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President Trump walks from Marine One to the Oval Office on Sept 26, 2019. Photo: Jabin Botsford/The Washington Post via Getty Images

After this crazy week, it's increasingly hard to see how Democrats could back down from making Donald Trump the 3rd president in history to be impeached.

The big picture: Impeachment has been elevated from an activist issue to a dominant issue in the Democratic Party. House Democratic leadership is on board — even if they're still hedging on the process — and so are almost all of the 2020 Democratic presidential candidates.

  • Joe Biden is the only candidate whose support for impeachment would be conditional on Trump obstructing Congress.
  • Public sentiment is moving in that direction, as new polls show a rise in support for impeachment.

What's next: Watch top Democrats to see if their support for impeachment changes from conditional — "I'll support these efforts if Trump does X" — to absolute.

  • That might take longer in the Senate, and it's still doubtful whether Republicans would ever come on board. 
  • But history is hard to read in the moment: Richard Nixon's story shows how public sentiment can build like a wave.

The bottom line: You'll read about this week in the history books — whether or not Trump is impeached.

Go deeper: How an impeachment inquiry works

Go deeper

3 hours ago - Politics & Policy

Trump to issue at least 100 pardons and commutations before leaving office

Photo: Mandel Ngan/AFP via Getty Images

President Trump plans to issue at least 100 pardons and commutations on his final full day in office Tuesday, sources familiar with the matter told Axios.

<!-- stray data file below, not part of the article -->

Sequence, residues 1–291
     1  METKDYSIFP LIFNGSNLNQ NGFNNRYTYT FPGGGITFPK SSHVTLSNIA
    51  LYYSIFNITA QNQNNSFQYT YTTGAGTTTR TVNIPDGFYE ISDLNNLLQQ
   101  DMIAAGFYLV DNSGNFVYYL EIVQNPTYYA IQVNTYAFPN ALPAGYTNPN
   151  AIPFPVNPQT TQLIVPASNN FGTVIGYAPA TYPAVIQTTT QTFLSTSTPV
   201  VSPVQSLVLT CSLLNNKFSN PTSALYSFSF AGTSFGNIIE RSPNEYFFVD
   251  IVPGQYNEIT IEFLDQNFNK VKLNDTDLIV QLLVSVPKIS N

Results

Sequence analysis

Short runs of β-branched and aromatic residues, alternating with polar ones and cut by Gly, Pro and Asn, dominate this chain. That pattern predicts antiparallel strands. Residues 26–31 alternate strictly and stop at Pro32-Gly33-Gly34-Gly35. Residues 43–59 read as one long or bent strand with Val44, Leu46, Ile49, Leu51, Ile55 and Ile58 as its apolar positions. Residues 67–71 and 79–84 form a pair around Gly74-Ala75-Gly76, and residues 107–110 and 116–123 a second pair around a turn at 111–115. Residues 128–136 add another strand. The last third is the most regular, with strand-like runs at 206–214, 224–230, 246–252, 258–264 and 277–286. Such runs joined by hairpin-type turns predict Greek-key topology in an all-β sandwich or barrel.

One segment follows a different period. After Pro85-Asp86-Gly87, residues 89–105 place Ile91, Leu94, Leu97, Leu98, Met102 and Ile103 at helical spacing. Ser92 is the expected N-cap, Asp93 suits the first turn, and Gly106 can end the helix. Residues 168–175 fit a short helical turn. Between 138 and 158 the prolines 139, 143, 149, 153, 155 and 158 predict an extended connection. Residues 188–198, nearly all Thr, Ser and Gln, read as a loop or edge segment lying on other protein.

Why it matters: This is a continuation of the president's controversial December spree that saw full pardons granted to more than two dozen people — including former Trump campaign chair Paul Manafort, longtime associate Roger Stone and Charles Kushner, the father of Trump's senior adviser and son-in-law, Jared Kushner.

  • The pardons set to be issued before Trump exits the White House will be a mix of criminal justice ones and pardons for people connected to the president, the sources said.
  • CNN first reported this news.

Go deeper: Convicts turn to D.C. fixers for Trump pardons

Schumer's m(aj)ority checklist

Senate Minority Leader Chuck Schumer. Photo: Tasos Katopodis/Getty Images

Capitalizing on the Georgia runoffs, achieving a 50-50 Senate and launching an impeachment trial are weighty to-dos for getting Joe Biden's administration up and running on Day One.

What to watch: A blend of ceremonies, hearings and legal timelines will come into play on Tuesday and Wednesday so Chuck Schumer can actually claim the Senate majority and propel the new president's agenda.

The dark new reality in Congress

National Guard troops keep watch at security fencing. Photo: Kent Nishimura/Los Angeles Times via Getty Images

This is how bad things are for elected officials and others working in a post-insurrection Congress:

  • Rep. Norma Torres (D-Calif.) said she had a panic attack while grocery shopping back home.
  • Rep. Jim McGovern (D-Mass.) said police may also have to be at his constituent meetings.
  • Rep. Adam Kinzinger (R-Ill.) told a podcaster he brought a gun to his office on Capitol Hill on Jan. 6 because he anticipated trouble with the proceedings that day.